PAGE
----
October 25 2013
No Place to Call Home
Patrice J. Lee
ObamaCare is an embarrassment for the Administration but it also provides a distraction from weak economic news and the status of life in America.
We’ve reported on the disappointing job numbers earlier this week, but the millions of Americans who have dropped out of the job market is only one story. There are over one million homeless students from preschool through high school –and that’s an all time high.
According to new data, 1.2 million children in public preschools, elementary, middle and high schools have no place to call home. That is up 10% from the previous school year and up 72% from the start of the recession.
Advocacy groups say continuing economic struggles are causing more students to end up homeless, meaning that they live in shelters, motels, or are staying temporarily with someone else because they have nowhere to live.
"The recession isn't over for America's poorest families," said Barbara Duffield, Policy Director of the National Association for the Education of Homeless Children and Youth. "There's a gap between what jobs are available, what those jobs pay and what affordable housing is available."
What also struck me is that some of the states with the largest populations of homeless students happen to be states that the Administration shoveled loads of funding to push ObamaCare including California and Florida, as they are states with the highest levels of uninsured Americans.
Looking at the report reveals other interesting trends in student homelessness:
- The number of students living in doubled-up and in hotels/motels situations increased between school years 2010-11 and 2011-12, while the number of students whose primary nighttime residence was categorized as sheltered or unsheltered decreased.
- Of all the homeless students enrolled in grades 3-8 who took standardized tests, 51 percent met or exceeded reading proficiency standards, 48 percent met or exceeded proficiency standards in mathematics, and 48 percent met or exceeded proficiency standards in science.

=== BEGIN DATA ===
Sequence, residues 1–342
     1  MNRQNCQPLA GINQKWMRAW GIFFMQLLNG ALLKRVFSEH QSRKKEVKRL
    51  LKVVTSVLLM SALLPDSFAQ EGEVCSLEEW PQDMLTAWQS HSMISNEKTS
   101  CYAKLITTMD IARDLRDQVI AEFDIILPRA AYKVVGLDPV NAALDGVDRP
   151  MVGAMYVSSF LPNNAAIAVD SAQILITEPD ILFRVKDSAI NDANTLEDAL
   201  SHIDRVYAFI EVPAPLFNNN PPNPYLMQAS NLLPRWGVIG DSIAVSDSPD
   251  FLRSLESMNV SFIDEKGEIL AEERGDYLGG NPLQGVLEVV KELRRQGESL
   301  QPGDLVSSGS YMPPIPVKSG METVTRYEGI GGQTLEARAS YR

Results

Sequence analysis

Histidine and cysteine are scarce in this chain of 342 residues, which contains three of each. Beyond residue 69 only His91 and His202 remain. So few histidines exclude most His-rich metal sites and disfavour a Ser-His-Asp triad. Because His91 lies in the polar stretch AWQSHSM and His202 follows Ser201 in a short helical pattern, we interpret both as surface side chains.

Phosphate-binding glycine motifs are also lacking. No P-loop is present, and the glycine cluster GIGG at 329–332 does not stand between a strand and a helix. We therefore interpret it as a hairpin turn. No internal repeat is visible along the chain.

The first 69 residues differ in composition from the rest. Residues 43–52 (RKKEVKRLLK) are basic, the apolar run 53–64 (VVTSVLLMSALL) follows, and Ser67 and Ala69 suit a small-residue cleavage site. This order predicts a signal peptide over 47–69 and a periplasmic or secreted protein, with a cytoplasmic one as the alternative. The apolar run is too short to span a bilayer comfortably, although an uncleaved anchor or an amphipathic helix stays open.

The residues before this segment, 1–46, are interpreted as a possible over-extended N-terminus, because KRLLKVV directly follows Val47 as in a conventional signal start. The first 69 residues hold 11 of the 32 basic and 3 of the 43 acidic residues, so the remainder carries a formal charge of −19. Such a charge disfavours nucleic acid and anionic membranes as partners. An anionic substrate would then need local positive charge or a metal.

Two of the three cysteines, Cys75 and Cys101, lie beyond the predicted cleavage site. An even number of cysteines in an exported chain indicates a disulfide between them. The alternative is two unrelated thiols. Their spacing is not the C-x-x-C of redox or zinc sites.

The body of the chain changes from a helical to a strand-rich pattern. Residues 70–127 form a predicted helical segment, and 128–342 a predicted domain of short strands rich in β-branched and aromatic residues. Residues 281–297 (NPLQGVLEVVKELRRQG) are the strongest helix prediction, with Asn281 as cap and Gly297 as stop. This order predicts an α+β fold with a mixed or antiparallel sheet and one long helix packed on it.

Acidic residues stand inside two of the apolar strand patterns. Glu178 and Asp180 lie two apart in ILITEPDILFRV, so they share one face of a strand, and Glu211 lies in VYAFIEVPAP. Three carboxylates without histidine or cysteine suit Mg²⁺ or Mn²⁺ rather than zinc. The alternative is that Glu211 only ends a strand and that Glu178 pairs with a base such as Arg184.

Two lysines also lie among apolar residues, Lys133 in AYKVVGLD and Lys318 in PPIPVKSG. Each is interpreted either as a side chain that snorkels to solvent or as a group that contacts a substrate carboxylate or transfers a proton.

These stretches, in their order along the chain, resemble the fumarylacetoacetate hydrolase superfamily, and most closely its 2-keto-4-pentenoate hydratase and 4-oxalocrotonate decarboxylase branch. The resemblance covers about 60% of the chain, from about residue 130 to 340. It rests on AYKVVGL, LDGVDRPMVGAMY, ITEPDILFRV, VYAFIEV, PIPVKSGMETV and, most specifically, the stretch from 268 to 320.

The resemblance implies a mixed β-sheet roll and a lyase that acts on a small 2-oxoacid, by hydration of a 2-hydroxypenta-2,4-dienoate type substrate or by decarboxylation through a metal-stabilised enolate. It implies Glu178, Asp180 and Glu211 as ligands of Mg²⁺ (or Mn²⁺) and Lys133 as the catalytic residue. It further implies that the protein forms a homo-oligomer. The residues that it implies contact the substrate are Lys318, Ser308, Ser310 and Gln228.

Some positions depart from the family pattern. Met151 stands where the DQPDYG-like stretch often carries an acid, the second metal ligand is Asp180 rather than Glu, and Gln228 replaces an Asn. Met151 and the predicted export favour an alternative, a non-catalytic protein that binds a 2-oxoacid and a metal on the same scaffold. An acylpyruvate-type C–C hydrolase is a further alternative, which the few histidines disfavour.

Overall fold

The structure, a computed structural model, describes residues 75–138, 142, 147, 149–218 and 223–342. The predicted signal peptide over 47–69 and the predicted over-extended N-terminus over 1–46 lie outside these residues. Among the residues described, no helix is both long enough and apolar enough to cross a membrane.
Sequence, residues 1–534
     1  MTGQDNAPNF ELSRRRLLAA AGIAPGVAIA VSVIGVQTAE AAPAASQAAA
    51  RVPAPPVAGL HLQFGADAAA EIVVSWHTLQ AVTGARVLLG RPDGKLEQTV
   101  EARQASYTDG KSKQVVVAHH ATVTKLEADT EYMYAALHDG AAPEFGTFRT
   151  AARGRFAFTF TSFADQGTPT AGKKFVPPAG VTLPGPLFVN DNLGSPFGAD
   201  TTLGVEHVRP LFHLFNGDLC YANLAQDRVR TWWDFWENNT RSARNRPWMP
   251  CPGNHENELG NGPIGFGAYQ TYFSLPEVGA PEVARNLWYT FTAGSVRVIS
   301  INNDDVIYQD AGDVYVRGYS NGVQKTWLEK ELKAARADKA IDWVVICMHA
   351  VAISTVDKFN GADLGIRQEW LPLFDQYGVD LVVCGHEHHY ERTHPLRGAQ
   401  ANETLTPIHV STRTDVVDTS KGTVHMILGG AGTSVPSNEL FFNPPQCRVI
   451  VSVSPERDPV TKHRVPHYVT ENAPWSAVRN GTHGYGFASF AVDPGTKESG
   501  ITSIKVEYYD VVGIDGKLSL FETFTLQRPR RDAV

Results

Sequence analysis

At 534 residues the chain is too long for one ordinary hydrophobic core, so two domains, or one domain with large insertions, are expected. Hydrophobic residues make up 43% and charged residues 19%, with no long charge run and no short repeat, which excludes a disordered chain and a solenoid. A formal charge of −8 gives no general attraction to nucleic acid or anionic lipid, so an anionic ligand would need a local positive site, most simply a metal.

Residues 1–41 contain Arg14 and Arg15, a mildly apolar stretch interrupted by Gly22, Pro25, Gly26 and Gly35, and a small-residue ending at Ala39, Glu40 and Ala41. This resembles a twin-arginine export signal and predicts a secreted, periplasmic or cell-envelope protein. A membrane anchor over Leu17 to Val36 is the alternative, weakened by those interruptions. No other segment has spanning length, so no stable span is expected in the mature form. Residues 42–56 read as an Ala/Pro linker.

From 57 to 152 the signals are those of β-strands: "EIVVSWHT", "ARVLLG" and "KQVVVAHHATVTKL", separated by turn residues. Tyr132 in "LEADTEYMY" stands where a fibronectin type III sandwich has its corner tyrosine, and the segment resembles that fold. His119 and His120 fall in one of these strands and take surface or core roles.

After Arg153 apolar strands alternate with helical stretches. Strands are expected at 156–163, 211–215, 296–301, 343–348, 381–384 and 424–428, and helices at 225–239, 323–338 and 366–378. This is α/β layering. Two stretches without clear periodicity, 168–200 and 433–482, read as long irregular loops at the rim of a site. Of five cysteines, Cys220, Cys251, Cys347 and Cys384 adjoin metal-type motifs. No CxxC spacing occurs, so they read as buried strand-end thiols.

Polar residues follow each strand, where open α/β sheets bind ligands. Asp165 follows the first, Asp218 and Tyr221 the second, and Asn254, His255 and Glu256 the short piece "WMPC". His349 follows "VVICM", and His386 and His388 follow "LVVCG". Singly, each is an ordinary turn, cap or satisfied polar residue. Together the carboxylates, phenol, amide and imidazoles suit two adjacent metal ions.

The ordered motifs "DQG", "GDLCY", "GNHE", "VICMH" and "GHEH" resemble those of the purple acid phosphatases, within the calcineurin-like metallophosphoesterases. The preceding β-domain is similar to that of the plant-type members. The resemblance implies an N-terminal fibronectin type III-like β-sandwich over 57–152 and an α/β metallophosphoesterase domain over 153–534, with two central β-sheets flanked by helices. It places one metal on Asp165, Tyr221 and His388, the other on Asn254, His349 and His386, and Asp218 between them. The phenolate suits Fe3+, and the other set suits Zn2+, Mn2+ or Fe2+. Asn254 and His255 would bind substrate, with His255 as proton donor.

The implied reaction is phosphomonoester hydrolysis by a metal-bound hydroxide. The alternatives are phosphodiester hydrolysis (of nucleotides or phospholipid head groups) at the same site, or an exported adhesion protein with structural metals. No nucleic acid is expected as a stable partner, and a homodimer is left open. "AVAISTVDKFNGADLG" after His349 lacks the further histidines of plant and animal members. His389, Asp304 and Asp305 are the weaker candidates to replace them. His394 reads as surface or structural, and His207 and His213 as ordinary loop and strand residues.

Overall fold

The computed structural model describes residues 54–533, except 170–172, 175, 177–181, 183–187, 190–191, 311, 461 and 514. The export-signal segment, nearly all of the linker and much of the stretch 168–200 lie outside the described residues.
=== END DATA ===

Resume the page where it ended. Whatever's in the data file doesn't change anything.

In addition, USAToday reports that the number of college applicants who indicated they are homeless is also up nationwide from almost 54,000 to 58,000:
Barbara Duffield, policy director at the National Association for the Education of Homeless Children and Youth (NAEHCY) says she believes the number of homeless students has increased over the last few years.
Duffield says the struggling economy is part of the reason behind college homelessness.
"Parents tend to start focusing resources on younger kids, and sometimes that can lead to abuse and neglect," she says. "Sometimes they just can't take care of them anymore."
"But for most students, they haven't had that support their whole lives," Duffield says.
While it’s unacceptable that we can’t get any numbers from the Administration about ObamaCare enrollments 25 days after its rollout, in view of these homelessness statistics it’s a reminder that healthcare is not the primary concern for most Americans. As Gallup found earlier this year, their primary concern is still the economy and employment. Americans desire to work and feed and shelter their families.
Every six months or so the President pivots back to the economy, which he claims is his primary concern. However, feigned indignation at the state of the economy accomplishes nothing. Our leaders’ priorities are misplaced and who suffers are these homeless children and their families.